the comedienne of the group. Rosemary sang the ballads, while
Priscilla performed the swing numbers and wisecracked with Waring and
various guests. Back in Iowa, Dr. Mullican instituted divorce
proceedings against his wife on the grounds of desertion, and the
divorce was granted in 1933.
Rosemary and Priscilla
remained with Fred Waring for almost five years. In 1937 Waring was
engaged by Warner Bros. in Hollywood to appear with his entire band
in Varsity Show, a musical starring Dick Powell. Both Rosemary and
Priscilla were tested and awarded feature roles in the film. Rosemary
shared the romantic passages with Powell, while Priscilla was a high
spirited college girl.
mail began to pour into the studio inquiring about the three Lane
sisters. It was revealed that Priscilla was fresh, wholesome,
sincere, and straightforward. She was blonde and blue-eyed, weighed
102 pounds, stood 5 feet 2 ½ inches and sported an 18 inch
waist. She was athletic, swam every day, was an excellent tennis
player, and rode horseback. She was, however, very feminine and loved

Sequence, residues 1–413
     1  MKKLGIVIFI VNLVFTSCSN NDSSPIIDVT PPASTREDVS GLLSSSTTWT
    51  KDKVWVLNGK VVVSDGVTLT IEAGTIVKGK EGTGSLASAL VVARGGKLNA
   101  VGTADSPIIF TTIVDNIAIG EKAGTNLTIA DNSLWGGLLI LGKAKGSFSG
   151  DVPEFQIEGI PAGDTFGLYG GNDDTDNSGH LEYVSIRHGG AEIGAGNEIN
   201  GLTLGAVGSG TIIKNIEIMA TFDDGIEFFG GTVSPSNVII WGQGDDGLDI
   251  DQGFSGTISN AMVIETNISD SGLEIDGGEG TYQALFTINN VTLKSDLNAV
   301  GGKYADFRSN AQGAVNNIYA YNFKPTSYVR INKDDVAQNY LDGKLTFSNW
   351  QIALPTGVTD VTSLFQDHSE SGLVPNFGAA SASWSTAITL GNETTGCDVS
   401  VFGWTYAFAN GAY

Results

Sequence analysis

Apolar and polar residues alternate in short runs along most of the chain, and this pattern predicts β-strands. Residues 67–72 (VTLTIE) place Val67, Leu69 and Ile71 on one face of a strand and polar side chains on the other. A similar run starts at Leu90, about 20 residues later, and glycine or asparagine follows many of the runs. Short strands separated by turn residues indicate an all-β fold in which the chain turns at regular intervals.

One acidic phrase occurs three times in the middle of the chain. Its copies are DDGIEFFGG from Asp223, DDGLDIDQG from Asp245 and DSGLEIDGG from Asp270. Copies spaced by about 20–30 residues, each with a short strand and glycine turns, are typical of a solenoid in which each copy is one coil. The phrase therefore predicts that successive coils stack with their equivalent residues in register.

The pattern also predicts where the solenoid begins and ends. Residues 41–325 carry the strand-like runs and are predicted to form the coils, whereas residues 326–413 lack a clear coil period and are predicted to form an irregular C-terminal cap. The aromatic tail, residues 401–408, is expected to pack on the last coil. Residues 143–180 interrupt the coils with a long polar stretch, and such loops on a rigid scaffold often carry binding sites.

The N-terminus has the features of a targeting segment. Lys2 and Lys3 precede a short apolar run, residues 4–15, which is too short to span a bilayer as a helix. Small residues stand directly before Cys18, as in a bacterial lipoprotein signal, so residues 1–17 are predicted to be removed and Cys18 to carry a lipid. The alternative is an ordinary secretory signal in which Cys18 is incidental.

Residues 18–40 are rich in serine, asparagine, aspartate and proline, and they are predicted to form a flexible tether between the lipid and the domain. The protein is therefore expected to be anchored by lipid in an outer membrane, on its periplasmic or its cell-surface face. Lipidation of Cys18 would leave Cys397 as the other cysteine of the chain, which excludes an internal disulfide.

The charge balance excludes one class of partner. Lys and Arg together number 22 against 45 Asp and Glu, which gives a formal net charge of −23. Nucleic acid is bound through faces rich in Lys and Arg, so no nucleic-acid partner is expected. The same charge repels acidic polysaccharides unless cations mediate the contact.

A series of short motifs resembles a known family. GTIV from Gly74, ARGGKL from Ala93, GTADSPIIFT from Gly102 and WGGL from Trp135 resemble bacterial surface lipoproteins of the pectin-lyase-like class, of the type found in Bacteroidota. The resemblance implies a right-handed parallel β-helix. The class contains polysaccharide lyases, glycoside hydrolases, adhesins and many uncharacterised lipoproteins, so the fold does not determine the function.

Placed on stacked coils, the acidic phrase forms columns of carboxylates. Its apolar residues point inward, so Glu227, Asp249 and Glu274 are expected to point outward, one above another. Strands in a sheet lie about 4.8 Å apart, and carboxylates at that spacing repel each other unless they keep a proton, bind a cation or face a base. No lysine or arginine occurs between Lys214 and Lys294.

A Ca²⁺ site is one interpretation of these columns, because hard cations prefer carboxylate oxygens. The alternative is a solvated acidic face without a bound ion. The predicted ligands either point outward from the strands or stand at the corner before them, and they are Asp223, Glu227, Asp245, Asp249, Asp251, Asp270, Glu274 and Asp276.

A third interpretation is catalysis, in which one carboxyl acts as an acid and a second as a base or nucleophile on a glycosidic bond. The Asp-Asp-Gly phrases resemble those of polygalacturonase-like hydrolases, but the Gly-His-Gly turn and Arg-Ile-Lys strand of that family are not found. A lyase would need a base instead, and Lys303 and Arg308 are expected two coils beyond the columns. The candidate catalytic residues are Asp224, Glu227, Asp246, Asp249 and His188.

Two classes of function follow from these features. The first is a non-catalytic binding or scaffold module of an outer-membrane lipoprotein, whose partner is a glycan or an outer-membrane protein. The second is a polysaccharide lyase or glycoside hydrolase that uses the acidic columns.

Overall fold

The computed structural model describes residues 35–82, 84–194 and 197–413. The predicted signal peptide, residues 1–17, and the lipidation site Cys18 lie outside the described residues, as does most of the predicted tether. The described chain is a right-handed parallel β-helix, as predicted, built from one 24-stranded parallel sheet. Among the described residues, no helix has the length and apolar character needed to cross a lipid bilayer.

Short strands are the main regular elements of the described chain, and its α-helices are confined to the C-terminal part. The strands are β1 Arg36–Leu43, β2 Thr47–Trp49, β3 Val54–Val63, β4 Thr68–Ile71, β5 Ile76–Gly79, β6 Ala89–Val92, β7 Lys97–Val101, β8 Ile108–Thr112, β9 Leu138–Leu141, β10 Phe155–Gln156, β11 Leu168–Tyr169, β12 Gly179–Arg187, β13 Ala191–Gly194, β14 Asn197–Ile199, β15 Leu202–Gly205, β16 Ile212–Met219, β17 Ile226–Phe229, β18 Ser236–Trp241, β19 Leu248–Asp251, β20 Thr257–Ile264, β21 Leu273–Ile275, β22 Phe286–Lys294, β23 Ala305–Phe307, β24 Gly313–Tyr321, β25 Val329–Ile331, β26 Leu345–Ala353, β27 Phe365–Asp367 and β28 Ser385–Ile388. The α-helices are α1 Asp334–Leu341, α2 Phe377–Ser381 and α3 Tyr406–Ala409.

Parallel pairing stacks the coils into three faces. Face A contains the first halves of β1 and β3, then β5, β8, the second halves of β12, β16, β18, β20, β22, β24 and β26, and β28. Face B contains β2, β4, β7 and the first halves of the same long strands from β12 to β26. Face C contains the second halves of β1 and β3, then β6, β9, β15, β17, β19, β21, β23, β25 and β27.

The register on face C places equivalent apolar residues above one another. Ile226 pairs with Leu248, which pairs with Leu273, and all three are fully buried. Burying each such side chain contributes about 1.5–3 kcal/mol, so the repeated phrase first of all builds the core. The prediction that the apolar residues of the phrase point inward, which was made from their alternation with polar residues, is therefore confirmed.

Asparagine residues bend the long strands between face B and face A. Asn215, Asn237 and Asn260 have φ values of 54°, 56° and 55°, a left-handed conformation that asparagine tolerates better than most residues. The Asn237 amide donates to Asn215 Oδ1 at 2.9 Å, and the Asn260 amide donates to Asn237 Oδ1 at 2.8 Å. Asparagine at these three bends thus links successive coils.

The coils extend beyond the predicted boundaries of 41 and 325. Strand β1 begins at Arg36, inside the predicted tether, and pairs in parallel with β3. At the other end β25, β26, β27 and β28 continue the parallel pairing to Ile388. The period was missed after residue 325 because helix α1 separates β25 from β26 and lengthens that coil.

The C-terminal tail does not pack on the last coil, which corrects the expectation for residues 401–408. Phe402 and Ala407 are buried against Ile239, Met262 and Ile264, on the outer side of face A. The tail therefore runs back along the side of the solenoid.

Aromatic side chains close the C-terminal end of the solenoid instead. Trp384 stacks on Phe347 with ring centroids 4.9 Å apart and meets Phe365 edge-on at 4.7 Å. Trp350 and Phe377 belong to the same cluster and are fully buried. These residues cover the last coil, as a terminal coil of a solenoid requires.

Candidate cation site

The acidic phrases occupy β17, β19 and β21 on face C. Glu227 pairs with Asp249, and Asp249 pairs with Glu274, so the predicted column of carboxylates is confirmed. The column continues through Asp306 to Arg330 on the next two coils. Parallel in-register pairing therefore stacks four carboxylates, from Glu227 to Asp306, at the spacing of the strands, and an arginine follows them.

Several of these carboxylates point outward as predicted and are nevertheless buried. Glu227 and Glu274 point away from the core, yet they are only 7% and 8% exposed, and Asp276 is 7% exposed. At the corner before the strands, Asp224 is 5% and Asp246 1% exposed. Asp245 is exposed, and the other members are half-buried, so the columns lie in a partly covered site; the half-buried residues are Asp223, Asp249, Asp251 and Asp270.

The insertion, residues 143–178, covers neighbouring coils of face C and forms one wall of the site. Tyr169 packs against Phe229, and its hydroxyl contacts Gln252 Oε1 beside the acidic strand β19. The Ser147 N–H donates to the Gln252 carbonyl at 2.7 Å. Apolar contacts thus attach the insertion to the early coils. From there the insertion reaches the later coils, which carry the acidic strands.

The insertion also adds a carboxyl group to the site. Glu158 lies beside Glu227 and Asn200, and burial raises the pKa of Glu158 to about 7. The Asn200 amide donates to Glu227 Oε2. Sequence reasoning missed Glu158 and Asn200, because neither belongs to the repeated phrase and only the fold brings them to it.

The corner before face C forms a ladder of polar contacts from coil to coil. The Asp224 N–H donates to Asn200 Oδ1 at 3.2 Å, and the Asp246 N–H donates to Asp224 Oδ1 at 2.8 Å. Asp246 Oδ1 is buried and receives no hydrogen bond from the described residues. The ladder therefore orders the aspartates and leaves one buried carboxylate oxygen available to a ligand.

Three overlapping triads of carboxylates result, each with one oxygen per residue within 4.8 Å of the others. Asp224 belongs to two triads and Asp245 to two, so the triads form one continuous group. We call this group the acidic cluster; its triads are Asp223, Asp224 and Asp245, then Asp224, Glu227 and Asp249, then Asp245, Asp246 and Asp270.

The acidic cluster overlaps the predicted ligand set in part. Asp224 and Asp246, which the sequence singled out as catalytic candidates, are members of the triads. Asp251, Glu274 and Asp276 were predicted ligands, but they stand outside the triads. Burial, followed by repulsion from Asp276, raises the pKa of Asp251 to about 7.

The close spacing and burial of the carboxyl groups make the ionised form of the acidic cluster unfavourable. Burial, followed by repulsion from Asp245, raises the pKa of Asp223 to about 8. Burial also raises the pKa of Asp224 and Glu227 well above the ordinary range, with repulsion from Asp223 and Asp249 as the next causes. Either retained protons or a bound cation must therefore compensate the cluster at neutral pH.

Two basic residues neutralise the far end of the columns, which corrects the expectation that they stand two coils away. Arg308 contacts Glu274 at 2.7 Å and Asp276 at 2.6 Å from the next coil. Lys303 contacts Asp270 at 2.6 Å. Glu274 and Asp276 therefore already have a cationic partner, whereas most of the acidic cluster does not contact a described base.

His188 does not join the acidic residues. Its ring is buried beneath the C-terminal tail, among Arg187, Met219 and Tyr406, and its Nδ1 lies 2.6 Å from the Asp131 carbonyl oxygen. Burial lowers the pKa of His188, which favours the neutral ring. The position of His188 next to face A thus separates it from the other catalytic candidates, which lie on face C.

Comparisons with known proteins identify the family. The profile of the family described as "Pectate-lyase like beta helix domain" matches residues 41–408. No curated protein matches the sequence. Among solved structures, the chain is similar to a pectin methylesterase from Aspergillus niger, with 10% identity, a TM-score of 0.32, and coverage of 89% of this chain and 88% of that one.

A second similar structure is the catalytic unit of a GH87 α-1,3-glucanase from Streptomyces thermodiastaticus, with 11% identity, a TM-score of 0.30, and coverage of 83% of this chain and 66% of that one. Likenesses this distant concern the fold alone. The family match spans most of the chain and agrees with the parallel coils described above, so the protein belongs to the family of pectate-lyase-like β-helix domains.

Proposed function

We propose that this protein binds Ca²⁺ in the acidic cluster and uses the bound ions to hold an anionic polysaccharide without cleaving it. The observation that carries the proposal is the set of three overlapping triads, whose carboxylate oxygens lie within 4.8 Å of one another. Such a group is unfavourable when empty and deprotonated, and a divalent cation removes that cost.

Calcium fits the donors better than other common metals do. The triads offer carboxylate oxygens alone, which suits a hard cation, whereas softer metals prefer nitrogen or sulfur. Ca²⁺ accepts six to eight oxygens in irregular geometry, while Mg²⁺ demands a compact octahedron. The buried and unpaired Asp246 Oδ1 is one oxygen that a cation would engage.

perfumes and flowers. She was passionate about cats and owned twelve.
Her musical tastes tended to be serious, as she preferred classical
music. She read mystery stories for relaxation. She was superstitious
and would not wear her favorite color blue on Mondays, considered
Wednesday her best day, and seven her lucky number. In later years
she said she had worn an old pair of brown shoes for luck in at least
one scene in every film she made. Priscilla shared a rented ranch
home in the San Fernando Valley with her mother and Rosemary.
Priscilla and Rosemarys contract from Fred Waring and signed
them to seven year pacts. Priscillas first film after Varsity
Show was Men are Such Fools, in which she was starred opposite Wayne
Morris and Humphrey Bogart (right). This was followed by Love Honor
and Behave, another light romantic comedy again with Morris and